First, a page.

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Muir High School Wins Solar Cup Championship

Caltech and JPL Mentors Provide Guidance to High School Team

Published on Saturday, May 28, 2011 | 4:29 am

A team from John Muir High School’s Engineering & Environmental Sciences Academy bested more experienced teams from schools in La Cañada Flintridge, Arcadia, La Puente and Duarte to win the regional championship at the annual Solar Cup race held at Lake Skinner on May 13, the Pasadena Unified School District (PUSD) announced today.

With the help of teachers, Caltech and NASA’s Jet Propulsion Laboratory (JPL) mentors, students designed and built a solar-powered boat that, captained by Muir High School seniors Miguel Reyes, Camille Navata, and Arianna Villafuerte, placed first in sprint and endurance races. Their boat topped at 48 seconds for the sprint, which tests speed, and completed nine laps in 90 minutes in the endurance race.

This is the first time that Muir High School has placed in the race. Located in northwest Pasadena, 76 percent of Muir High School’s students are socio-economically disadvantaged.

“I hope that other students will be inspired to study engineering and science,” said Reyes, who plans to major in physics at Cal Poly Pomona next fall. “Building and racing a solar-powered boat as a class project showed us that we can be engineers, scientists and physicists.”

The come-from-behind Solar Cup victory symbolizes the remarkable turnaround of Muir High School, which was identified as a low-performing school by the state and placed in the federal program improvement four years ago for failing to meet state and federal academic progress requirements.

“This victory demonstrates that when educators, parents, business, and the community work together towards meeting the learning and social needs of students, we can accomplish great things, and really impact young lives,” said Superintendent Edwin Diaz.

Muir underwent a reinvention three years ago that leveraged school and community resources to boost student achievement. To engage students in learning, the school moved to a themed academy approach, which offers a college preparatory curriculum combined with coursework in arts, media and entertainment; engineering and environmental science; and business and entrepreneurship. Starting in the ninth grade, all students select the academy that bests suits their talents and interests. The PUSD later adopted the College and Career Pathways approach, also known as linked learning, as its way to reform high schools so that students graduate prepared for college and careers.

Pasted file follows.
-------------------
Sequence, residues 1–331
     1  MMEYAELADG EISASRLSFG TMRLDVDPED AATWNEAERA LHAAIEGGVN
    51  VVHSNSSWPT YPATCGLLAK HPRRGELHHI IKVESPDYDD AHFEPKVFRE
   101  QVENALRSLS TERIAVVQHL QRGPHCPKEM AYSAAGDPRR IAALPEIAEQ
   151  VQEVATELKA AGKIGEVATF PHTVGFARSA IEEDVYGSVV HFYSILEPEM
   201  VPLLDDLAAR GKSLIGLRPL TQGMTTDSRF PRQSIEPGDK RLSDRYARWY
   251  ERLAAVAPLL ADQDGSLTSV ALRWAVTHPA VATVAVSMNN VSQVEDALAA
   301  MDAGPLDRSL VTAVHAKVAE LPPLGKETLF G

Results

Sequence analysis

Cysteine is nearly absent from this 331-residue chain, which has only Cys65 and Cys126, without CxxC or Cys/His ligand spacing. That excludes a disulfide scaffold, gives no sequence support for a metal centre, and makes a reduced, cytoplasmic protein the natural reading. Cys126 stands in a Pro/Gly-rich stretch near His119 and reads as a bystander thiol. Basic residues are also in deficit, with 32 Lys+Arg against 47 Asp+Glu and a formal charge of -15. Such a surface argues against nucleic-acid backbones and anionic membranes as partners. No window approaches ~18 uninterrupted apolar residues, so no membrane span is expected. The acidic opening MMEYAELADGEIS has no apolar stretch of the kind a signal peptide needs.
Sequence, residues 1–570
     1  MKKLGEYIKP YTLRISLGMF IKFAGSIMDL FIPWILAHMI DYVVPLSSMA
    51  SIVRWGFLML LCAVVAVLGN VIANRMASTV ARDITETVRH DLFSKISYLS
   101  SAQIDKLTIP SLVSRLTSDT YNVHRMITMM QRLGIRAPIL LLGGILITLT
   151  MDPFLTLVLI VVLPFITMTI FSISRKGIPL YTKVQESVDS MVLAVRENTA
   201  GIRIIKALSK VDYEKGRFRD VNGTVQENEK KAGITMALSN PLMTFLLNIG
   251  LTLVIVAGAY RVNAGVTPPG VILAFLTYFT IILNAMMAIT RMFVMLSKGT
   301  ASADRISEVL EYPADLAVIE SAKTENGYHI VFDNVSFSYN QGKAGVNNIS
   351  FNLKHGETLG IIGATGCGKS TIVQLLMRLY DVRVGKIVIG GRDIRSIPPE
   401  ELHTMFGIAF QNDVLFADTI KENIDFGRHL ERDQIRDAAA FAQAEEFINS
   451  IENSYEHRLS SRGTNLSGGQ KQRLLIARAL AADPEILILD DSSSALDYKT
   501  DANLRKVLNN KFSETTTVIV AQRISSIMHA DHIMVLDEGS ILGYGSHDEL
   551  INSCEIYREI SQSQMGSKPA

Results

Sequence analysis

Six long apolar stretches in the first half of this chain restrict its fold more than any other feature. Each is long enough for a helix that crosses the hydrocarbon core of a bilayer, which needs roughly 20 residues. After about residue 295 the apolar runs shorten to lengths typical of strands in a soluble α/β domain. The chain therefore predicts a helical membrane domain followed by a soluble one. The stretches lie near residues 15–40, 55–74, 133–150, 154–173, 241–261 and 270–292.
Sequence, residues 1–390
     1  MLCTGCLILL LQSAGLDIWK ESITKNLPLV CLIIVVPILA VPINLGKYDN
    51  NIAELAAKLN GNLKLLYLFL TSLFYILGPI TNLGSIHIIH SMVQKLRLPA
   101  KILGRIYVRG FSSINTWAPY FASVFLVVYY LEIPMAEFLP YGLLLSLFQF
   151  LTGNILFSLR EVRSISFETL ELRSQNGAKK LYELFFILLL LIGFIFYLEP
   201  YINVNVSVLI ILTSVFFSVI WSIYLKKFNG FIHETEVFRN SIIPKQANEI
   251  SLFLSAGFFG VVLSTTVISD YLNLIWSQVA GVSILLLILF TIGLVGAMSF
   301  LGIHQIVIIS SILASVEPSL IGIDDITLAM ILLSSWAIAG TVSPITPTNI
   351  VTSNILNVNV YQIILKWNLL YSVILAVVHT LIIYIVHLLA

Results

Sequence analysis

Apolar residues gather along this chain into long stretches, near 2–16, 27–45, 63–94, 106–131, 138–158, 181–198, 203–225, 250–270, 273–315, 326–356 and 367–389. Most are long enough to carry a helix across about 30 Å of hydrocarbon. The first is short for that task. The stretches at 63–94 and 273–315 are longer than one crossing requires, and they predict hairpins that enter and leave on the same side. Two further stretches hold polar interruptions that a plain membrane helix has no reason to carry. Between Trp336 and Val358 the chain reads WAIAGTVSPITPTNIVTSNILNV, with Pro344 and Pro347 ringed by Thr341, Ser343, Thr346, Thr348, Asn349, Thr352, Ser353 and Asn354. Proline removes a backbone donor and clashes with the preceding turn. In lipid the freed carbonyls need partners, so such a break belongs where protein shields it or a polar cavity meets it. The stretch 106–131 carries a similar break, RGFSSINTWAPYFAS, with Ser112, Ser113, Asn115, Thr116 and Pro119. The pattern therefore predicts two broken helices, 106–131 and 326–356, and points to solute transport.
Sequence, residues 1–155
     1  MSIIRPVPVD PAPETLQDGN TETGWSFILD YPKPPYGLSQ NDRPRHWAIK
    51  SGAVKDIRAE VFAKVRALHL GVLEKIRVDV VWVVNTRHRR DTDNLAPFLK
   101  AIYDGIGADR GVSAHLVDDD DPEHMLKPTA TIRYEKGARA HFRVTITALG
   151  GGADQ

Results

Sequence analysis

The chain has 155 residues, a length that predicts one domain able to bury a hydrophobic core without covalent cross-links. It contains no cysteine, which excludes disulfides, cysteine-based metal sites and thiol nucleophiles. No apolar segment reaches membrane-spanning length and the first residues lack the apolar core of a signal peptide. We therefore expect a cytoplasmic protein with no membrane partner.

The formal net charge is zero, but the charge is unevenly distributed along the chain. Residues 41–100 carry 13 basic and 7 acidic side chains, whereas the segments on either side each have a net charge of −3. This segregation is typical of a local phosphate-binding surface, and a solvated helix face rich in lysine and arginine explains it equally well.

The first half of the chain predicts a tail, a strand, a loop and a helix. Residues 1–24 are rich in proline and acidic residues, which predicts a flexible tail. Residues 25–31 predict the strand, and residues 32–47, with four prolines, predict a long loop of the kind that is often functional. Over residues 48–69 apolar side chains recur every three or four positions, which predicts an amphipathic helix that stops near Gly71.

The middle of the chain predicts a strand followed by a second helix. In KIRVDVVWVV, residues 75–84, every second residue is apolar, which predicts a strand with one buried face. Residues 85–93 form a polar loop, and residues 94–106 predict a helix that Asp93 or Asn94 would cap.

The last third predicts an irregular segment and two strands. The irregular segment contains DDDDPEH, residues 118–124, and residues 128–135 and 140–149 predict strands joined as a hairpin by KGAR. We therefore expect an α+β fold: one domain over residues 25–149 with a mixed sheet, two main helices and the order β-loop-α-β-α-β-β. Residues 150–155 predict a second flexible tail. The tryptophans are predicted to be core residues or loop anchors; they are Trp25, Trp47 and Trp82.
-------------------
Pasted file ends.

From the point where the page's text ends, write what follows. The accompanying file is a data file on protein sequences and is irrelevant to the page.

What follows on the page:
Focused instruction, hands-on projects that connect classroom learning with real-world experiences, additional personnel, and meaningful and sustainable links with business and community partners have resulted in a seven percent rise in first-time passing rates of the California High School Exit Exam (CAHSEE) at Muir, a key indicator that students are mastering core academic subjects earlier, which allows them to explore more complex subjects and projects.

In the last four years, three of the PUSD’s five Gates Millennium Scholarship winners have been graduates of Muir High School. The prestigious scholarship is awarded to outstanding minority students across the country, and pays for tuition and other fees for the students’ undergraduate, graduate, and two years of doctoral work.

Muir senior Valeria Sosa won the Gates Millennium scholarship this year, and plans to attend the University of California at Berkeley, where she will major in engineering. She is the first in her family to go to college.

“The teachers, counselors and other people at Muir helped me understand that I could go to college,” she says. “While some people might still think that you can only survive at Muir, there are a lot of great things happening here.”

This week, Dr. Charles Elachi, the director of NASA’s Jet Propulsion Laboratory (JPL) toured the classrooms of Muir’s Engineering and Environmental Sciences Academy. The tour is part of a growing partnership between Muir and JPL, which last month hosted 38 students for its job-shadowing day.

After this victory, the sky is the limit, according to Muir Principal Sheryl Orange. “Next we’ll work on a solar-powered car.”

In the meantime, Muir’s Engineering and Environmental Sciences Academy is working on the construction of an organic garden to foster healthier eating habits.

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